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Tuesday, 14 July 2015

The long road to Cider Lane

It has been a long haul since the dark days at the end of May 2013, when i first penned the first chapter in draft one. Without much idea where the story was going to take me. Having half an idea for something a little different from my normal writing I ran with it. By the end of June i had 70000 words, a first draft and still no idea what i had written. It was however complete in of itself.
Though the first draft took a month, written with the nanowritmo, http://nanowrimo.org/   approach you would think the second draft would be easy. Instead it was a long slog of three months before I was happy with draft 2, now 80000 words long. It is a fact of writing life, the more you seek to trim the longer the manuscript gets.
The revisions were complicated by wanting to change the point of view character on one chapter, while keeping the structure of the novel.For anyone who has not read the novel , which would be most people, the structure is a hop scotch. which is to say it changes POV between the two principal characters in turn each chapter. Susanna chapter , followed by a Colin chapter  , then back to Susanna. While the novel doesn't need this contrived structure as such, it worked well and made it flow, so maintaining it was important to me. By changing the POV character for one chapter i had to in effect split two chapters into three and extensively rewrite them . There were other changes too, many and lots indeed to borrow a Pratchettisum.
Finally after the long haul of draft 2 I  gave a copy to the wonderful Julie Dyson-Abad to give it a first read. Then sat nervously waiting for her to get back to me. With a strange sense of impending doom. Being aware that bad grammar and occasional rambling aside there were sections of the manuscript which could be construe as risky.
A few short weeks latter and many cups of coffee with Julie and Joey Abad I launched myself into draft 3.
A month after that draft 4 which took longer and had a lot of reworking as the manuscript grew longer.
Finally at the end of draft 4 I was confident enough to allow the most dangerous critic of all to have a read through of a draft. For those you love and who love you have a licence to be critical more than any other. So I let Rose read a copy. With a scene of impending doom.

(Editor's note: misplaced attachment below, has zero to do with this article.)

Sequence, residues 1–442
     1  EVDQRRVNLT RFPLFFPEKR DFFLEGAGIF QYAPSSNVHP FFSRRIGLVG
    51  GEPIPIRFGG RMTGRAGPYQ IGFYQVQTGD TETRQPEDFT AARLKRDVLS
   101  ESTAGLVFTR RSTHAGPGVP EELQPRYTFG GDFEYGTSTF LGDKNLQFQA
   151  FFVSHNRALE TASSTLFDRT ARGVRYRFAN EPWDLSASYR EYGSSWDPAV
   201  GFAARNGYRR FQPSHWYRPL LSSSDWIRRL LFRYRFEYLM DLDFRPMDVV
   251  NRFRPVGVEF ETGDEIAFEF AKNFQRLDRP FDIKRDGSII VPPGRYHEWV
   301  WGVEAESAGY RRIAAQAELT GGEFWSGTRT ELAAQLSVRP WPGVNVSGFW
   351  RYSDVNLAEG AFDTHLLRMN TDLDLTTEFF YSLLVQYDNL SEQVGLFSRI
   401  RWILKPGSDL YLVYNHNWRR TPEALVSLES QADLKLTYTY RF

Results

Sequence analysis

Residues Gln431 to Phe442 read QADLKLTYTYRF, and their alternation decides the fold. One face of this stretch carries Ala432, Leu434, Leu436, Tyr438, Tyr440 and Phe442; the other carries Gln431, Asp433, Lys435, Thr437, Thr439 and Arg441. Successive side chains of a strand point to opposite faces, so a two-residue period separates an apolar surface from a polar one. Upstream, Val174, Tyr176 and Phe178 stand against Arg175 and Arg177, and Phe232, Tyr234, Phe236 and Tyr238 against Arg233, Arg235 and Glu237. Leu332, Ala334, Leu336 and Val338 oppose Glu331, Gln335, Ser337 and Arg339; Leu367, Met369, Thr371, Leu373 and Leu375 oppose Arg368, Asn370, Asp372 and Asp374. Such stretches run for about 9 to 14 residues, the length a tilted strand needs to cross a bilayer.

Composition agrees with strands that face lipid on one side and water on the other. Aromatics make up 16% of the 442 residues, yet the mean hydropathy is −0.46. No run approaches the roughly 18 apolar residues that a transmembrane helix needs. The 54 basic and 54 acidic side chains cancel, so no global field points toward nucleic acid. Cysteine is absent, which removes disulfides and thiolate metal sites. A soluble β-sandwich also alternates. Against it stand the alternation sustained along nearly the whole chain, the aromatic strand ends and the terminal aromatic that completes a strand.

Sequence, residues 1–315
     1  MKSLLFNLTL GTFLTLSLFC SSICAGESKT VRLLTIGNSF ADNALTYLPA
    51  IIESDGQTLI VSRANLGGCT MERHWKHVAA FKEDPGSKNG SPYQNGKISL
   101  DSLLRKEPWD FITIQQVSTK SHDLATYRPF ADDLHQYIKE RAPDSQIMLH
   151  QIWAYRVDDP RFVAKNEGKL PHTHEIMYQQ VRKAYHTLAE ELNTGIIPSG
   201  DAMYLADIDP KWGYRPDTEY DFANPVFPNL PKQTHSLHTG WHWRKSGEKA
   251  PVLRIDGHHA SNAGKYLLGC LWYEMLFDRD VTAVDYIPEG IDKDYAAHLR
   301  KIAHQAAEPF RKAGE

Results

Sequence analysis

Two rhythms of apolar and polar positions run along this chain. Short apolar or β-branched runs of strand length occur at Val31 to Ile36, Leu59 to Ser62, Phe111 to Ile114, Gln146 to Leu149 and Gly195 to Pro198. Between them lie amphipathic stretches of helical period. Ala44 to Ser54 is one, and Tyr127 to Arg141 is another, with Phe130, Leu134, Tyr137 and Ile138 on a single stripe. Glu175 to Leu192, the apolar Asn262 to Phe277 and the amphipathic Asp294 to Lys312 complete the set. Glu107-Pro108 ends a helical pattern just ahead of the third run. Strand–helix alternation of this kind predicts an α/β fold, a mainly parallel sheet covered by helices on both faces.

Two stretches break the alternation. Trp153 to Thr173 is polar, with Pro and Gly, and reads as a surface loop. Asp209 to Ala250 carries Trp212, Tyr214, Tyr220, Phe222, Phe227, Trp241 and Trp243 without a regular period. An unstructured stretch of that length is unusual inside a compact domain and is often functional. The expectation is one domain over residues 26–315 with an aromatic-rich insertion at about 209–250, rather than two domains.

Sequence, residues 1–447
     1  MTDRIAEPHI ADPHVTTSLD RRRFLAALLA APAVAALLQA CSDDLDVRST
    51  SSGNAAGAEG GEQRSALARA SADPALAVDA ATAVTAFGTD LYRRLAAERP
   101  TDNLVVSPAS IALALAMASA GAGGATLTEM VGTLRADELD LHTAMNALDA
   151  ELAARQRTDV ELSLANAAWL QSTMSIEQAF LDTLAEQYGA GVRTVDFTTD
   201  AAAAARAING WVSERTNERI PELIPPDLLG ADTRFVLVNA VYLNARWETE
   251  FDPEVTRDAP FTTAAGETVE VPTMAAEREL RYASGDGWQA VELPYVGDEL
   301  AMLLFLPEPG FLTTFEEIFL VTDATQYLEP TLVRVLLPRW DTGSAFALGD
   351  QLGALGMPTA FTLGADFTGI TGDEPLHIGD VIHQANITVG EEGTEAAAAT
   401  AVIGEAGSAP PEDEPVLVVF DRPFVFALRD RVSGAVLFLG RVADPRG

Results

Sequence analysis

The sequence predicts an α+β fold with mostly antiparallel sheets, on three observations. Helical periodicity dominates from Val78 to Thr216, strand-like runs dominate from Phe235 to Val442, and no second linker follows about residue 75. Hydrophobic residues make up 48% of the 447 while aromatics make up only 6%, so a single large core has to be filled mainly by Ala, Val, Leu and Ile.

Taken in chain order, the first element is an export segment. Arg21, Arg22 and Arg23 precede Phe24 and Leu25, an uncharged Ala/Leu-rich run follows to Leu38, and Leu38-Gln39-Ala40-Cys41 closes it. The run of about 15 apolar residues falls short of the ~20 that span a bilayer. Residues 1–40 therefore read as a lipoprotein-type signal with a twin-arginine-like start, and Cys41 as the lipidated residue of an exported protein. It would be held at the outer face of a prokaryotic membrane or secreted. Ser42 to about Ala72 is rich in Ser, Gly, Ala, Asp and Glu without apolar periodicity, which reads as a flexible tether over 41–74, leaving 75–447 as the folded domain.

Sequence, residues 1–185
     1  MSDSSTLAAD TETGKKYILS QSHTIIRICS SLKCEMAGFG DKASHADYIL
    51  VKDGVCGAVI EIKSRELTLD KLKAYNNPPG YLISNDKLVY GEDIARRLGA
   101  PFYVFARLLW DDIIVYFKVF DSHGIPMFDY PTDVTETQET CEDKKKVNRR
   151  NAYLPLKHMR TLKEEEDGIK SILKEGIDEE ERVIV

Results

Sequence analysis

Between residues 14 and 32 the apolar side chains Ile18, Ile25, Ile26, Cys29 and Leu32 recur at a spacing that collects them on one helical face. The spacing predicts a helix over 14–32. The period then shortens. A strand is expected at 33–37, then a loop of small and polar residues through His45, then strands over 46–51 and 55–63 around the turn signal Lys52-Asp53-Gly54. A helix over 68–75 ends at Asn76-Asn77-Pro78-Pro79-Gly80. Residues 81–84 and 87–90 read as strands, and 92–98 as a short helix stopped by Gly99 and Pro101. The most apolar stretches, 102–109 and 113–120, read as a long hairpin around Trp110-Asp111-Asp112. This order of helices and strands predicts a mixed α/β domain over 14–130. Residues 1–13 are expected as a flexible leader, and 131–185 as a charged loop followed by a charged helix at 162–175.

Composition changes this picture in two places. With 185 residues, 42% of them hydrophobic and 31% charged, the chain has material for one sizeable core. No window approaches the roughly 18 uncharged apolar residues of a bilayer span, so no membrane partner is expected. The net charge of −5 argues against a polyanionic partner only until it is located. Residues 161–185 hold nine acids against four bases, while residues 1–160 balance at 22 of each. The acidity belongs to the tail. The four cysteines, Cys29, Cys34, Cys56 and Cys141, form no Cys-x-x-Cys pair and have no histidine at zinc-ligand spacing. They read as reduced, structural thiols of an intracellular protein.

Having survived the doom of draft 4 I began draft 5 which turned out to be the most complex yet. Not because i was changing a great deal, indeed the changes were mostly small things. But because i was attempting to get every word, every sentence, perfect. As well as change in subtle ways my characters and how they enacted.
Then there i was with draft 5 complete in December 2013 and the book as good as i could make it. Not because i considered it perfect. But because i could not face writing another word or reading through it again. There comes a point you just have to let the manuscript sit for a while. But i didn't, instead i sent it off to a publishing company on the web in high hopes.
A few days latter i got a response and given they quoted me just under £1000 for proofing and concept work I spotted them for the fleecing merchants they were. Professional proof reading costs money, and if you chose to use a professional proof reader, most of which are lovely people, then you should do so. But when the 'publishing' company is quoting you a small fortune to publish your work start walking away there and then .
Instead i sent my manuscript to the wonderful Steph Roundsmith who I have the good fortune to know, Who agreed to have a read through and give me feed back as a favor despite it been her livelihood.  +http://www.stephroundsmith.co.uk/
More impending doom, not least because Steph is a professional and its mildly terrifying to let some one who knows what there doing look at your work.
A month later she came back to me with an wall of feed back. Lots of positive energy and encouragement and a list of things to work on.
I opened up the document , with her notes at my side, to start draft 6 and stared at the screen for an hour.
Then closed it again.
Steven King, a some what successful author that you may have heard of...... +http://stephenking.com/
advises that once you have finished a draft let it sit for a while and forget about it. Write something else entirely and just let it sit till you can come back to it new,
After 5 drafts i did what Mr King recommend, starting two new novels ,, Maybes Daughter, and The Wells of Time.   Which may one day see the light of day. And a host of short stories that are unlikely to unless they appear on here,
And after working on each of thees for a while i opened Cider lane , looked at it a while , changes a word here and there in the first chapter. then closed it again.
Finally about a year later I felt ready to face it once more. In truth as much as anything because I had hit a writing block in Maybe's Daughter and needed to do something else. So ended up opening up Cider lane for ten minutes and reading the first chapter. Not out of any real intent to work on it, just to split my mind away form the novel I was struggling with.
Several hours later I had got 40 page into draft 6, discovered forgotten gems within the manuscript and was rediscovering my passion for the story of Susanna and Colin in that abandoned little cottage in Summerset. Strange non conversations, of silences and stars. Whatever magic had been missing was back and Draft 6 finally got under way.
Two months hard work later it was finally done. and short of letting ti sit for several more years it was time to publish ,,, and be damned as the saying goes.

anyway, if there is a conclusion to all this its that if you want to write persevere.